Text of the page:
The aftermath of the Category 5 storm was a period of shock, loss and strength for Masini McDermott and her family
It was just after a vacation in Tortola, part of the British Virgin Islands (BVI), when Masini McDermott heard the announcement about Hurricane Irma. When the Category 5 storm hit the Caribbean in early September, McDermott knew she had to take immediate action.
On the evening of Sept. 6, Hurricane Irma approached the BVI with winds that gusted up to 330 km/h with up to 500 mm of rainfall, according to a report released by the BVI government.
About 70 per cent of all structures on the islands were either lost or damaged according to the BVI government on Sep. 27. This included the home of Najla Davis, McDermott’s aunt.
McDermott took two of her aunts and their children into her apartment in Toronto, where they have been staying since Oct. 7.
“It’s hard to get them to leave home, they’re very loyal to their island,” McDermott said. “Now there’s an eight-person household in my two bedroom apartment.”
Davis worked for Scrub Island Resorts, part of Marriott’s Autograph Collection, in BVI, before it was destroyed.
“A lot of the restaurants and bars on the beaches are all gone, some of our keys have disappeared, they are underwater,” said Davis.
“My aunt and her son are staying for now and have intentions to go back,” said McDermott. “It’s crazy because I’m thinking, it’s going to take years for you to go back, to be financially okay and just okay in general, but that’s their home.”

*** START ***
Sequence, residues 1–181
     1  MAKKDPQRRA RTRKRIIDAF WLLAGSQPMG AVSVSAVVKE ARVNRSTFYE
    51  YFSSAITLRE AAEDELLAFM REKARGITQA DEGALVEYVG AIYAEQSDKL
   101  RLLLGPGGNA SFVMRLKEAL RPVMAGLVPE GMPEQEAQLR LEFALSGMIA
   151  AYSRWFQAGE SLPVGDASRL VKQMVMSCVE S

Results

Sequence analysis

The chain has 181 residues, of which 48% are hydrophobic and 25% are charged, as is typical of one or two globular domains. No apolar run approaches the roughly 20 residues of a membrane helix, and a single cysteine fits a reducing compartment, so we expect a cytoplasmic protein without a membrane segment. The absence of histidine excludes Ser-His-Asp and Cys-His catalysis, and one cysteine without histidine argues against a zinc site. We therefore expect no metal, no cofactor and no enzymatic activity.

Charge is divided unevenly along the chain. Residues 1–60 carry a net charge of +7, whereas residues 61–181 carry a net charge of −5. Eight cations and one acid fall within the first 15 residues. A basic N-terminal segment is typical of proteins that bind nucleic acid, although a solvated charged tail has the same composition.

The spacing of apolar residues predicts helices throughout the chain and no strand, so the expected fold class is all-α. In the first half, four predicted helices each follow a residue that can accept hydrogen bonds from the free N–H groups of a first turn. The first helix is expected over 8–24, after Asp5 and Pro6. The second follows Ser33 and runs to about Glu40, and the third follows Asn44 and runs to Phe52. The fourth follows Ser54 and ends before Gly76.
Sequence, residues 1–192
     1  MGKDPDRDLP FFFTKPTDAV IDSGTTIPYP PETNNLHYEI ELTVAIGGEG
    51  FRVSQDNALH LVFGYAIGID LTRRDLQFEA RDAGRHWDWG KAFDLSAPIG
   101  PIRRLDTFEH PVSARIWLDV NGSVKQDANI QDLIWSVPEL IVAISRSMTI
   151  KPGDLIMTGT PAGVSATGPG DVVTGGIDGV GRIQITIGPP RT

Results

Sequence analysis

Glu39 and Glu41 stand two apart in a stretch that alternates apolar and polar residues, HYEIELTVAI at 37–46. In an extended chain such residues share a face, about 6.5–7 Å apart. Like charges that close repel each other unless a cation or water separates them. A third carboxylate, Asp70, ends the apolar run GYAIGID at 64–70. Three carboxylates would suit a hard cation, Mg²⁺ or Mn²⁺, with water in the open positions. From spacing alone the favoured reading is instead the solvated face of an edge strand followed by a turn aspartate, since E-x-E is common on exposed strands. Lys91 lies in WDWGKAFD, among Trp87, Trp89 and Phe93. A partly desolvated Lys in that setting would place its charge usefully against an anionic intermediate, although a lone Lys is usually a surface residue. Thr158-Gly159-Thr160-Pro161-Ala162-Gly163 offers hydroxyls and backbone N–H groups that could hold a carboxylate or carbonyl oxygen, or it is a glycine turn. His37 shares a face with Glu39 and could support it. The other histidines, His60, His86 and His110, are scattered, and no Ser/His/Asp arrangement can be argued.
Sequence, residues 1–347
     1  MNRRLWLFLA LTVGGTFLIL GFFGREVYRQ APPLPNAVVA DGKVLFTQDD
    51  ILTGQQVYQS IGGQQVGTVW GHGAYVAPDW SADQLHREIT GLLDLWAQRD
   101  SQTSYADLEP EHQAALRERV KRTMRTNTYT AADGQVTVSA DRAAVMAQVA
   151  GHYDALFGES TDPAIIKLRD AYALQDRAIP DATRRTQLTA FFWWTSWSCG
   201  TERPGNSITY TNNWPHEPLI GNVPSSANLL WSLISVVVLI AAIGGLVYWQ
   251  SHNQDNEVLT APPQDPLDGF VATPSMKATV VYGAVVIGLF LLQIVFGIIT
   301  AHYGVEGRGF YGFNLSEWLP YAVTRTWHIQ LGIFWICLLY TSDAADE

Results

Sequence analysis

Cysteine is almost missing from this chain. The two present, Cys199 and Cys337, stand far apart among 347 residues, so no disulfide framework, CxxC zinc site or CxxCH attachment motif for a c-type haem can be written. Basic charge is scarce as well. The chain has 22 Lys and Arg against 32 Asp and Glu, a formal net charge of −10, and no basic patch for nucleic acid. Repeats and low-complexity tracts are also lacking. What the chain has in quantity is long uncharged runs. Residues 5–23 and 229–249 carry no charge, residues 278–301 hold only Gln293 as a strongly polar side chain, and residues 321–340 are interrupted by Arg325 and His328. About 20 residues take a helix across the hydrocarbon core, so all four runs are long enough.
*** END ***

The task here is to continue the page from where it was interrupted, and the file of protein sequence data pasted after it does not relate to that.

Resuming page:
After the storm, Davis took a suitcase and her two-year old son with her to Toronto, and left her boyfriend and shattered home behind on Tortola.
“The apartment was flooded, it has no roof, and it keeps raining and there’s mould,” said Davis. “It was hard, but it was a decision that had to be made, not only for our son, but for our health and for our unborn child.”
Meanwhile, McDermott was busy organizing a benefit concert in Toronto. On Oct. 22 the We Will Rise Together concert raised money for a relief effort for the islands Tortola, Dominica and Anguilla.
“I believe music is a universal language and I believe it can really help and raise awareness to a lot of causes,” said McDermott.
Despite the damage and loss, Davis still has hope for the future.
“We’re a very strong culture and we’re not lazy,” said Davis. “We’re willing to roll up our sleeves and work.”
McDermott said that the family is stable so far. They maintain open lines of communication with constant check-ins, which she said “has really shown that we really care about each other.”
In the meantime, Davis continues to miss home.
“I miss seeing green grass and trees, coming home from work, cooking a meal, having a movie night, seeing my boyfriend and son, going to the park with my nieces and nephews, I just want to get back to my life.”
McDermott is still taking donations for relief. People can drop by the student life office at GBC’s St. James A Building in room B130.